For example, Database Journal noted that these professionals can take advantage of cloud resources to hurry their new applications into production, but this new power is accompanied by a need to undergo complex negotiations with DBaaS providers. They’ll need to make sure their databases remain adequate for their needs, which include such important features such as backup and recovery.
The fact that database management has evolved in recent years is a given, and it’s not done yet. A ZDNet review of today’s relevant technologies offered a reminder that blockchain systems are becoming a new standard regarding the logging of transactions. Blockchain tech is partially based on database management, with next-level networking and security mixed in for good measure. As long as there is data, its management will be an ever-evolving part of IT.
Big data and analytics
What good is data if companies aren’t going to use it? One of the primary uses of the huge, new databases at organizations’ command is as fuel for the fast and powerful new wave of business intelligence and analytics solutions that have been ramping up over the past few years. IT leaders today should likely be familiar with analyzing data, no matter their particular industries, because just about every company is capable of saving and using unstructured information, gathered during ever-more-digital transactions.
It’s no shock to see that big data analytics has a place alongside the blockchain in the ZDNet list of tech to watch. The source explained that software developers and CIOs alike are keeping an eye on big data. The relevance is clear: When companies have good analytics in place, the value of their data goes from hypothetical to very practical. They can put their information to work in a problem-solving manner in just about any department. If the solutions are advanced enough, decision-making help can approach real time.
Though big data’s potential is widely regarded as a product of the present rather than the future, getting value out of the programs isn’t automatic, and leaders inside IT’s walls and out need to be ready to contend with the technology. Forbes Tech Council contributor Shelly Blake-Plock presented the current state of big data: Parsing massive mounds of information will be a little different depending on the company in question.
There are a few different types of employees who will interact with data. There are warehouses full of raw data meant to be accessed by specialists, but user-friendly dashboards also exist to bring data insights to the masses. These various takes on data use are designed to make decision-making processes better throughout organizations.
When data usage programs go right, companies will be able to debut exciting and exclusive new advantages. For instance, Blake-Plock gave the example of dashboards in talent management that allow firms to create work experiences tailored to individual workers’ preferences. Other departments throughout companies will have their own efficiencies to address.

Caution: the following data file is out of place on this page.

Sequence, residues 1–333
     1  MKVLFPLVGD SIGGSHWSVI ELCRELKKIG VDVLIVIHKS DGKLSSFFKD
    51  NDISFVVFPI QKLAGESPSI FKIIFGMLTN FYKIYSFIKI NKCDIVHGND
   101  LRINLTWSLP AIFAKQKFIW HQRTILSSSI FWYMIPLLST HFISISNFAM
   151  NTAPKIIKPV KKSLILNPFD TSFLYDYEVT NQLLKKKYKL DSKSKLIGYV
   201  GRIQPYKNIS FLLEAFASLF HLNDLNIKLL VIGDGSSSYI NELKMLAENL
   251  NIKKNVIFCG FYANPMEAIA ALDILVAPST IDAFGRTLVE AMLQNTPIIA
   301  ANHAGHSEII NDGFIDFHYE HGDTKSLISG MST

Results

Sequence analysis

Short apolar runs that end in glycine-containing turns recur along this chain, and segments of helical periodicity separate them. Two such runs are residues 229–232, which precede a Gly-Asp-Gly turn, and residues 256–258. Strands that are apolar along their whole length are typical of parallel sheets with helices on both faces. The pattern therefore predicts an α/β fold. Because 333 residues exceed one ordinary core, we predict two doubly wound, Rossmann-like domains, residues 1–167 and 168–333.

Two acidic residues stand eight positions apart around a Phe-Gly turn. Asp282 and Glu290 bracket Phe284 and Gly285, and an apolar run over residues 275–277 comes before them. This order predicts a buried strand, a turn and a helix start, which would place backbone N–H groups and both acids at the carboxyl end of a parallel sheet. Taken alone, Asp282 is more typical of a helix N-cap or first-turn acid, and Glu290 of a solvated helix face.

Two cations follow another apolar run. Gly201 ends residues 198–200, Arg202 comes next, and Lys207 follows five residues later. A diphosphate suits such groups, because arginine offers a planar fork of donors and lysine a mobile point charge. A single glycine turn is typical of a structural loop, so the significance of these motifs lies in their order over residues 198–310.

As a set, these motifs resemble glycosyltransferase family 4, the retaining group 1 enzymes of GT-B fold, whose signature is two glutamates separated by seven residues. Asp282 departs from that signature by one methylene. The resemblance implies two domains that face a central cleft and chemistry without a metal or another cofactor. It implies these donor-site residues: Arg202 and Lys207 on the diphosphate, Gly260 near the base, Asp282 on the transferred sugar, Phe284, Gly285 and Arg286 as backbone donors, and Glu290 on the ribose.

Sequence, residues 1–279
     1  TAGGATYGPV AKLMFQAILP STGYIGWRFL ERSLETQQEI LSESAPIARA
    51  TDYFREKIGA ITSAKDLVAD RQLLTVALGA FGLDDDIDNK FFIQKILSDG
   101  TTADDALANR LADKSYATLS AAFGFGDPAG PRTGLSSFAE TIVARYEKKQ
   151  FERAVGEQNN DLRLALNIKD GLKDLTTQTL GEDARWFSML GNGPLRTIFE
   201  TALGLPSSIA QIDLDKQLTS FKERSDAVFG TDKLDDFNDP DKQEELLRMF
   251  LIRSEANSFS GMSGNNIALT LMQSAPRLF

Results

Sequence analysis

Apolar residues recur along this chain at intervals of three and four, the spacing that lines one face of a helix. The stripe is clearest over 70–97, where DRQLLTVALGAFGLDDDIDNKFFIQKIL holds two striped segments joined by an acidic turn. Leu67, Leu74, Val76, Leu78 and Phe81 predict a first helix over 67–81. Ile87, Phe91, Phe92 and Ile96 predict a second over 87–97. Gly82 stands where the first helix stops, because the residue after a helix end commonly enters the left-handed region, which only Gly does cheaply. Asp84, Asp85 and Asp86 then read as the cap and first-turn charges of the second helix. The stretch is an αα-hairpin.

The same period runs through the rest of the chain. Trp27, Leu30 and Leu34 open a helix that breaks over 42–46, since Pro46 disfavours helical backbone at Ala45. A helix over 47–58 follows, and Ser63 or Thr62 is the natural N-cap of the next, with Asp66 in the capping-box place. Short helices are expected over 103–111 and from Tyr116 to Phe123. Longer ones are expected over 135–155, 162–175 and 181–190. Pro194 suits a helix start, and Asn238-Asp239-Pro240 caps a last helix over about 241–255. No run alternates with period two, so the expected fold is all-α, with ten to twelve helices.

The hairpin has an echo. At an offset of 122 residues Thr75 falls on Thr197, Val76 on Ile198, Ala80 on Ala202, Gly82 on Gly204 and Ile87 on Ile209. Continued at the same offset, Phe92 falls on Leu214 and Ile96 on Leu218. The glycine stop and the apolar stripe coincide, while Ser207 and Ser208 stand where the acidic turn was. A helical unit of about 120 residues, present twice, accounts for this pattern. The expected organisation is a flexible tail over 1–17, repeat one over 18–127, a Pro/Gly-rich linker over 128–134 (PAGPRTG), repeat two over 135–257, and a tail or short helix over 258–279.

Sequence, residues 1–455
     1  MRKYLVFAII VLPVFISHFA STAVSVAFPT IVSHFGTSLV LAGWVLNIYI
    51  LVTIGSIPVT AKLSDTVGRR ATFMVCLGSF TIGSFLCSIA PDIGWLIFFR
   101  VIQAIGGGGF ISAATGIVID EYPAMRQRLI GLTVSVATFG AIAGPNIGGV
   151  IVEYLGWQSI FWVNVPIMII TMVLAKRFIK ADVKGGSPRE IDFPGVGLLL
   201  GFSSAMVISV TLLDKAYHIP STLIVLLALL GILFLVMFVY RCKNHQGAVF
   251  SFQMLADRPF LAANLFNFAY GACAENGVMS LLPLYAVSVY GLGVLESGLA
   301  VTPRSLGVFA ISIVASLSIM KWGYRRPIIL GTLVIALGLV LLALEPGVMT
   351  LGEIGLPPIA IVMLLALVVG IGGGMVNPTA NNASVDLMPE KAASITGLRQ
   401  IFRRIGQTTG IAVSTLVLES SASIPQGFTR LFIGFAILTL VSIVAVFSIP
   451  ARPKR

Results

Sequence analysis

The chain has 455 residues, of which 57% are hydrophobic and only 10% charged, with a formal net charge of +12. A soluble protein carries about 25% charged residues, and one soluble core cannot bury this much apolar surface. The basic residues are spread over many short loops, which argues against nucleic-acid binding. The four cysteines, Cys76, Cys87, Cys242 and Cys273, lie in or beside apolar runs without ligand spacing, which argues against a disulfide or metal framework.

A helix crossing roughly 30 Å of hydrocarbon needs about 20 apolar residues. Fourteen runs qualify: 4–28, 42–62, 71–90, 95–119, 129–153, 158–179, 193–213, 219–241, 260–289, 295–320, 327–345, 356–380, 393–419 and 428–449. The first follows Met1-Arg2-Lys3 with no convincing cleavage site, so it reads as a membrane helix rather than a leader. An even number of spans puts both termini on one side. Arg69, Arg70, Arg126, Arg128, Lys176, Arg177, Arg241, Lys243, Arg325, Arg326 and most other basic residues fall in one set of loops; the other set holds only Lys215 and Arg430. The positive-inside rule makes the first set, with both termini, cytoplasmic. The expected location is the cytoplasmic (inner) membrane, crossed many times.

Whether it’s acting as a facilitator for the raw materials behind analytics or managing a dashboard on a day-to-day basis, it’s clear that there are many roles that deal with vast (and fast) data resources. Executives who understand data may be poised to fit into modern work environments, whether within IT or merely at a company with strong tech elements.
IT and business: Joined closely
The fact that IT progress is constant, and making its presence felt in industries around the world, has presented a new set of practices that aspiring leaders can study. When technological progress is factored into an MBA curriculum, it represents a convergence between a traditional path of study and the realities of business today: Stepping into an executive role today is not the same as it was even a decade ago, and technology is largely the reason why.
The increasing pace, connectivity and global nature of commerce today are all part and parcel of the close relationship between business and new tech. It’s hard to imagine today’s markets and operational environments without the online tools that have grown up alongside them. Just as IT development is a catalyst for business change and evolution, it has become one of the areas that executives can stay on top of to look for ways forward for their companies.
Disrupting an industry means being both original and first. Leaders who want to create this kind of activity within their own companies will likely lean on IT expertise to get it done. When a firm uses an IT approach that none of its competitors have yet mastered, it can end up setting the standards for years to come. That is the very essence of disrupting a market, and it has become a canonical, widespread concept in today’s enterprise world.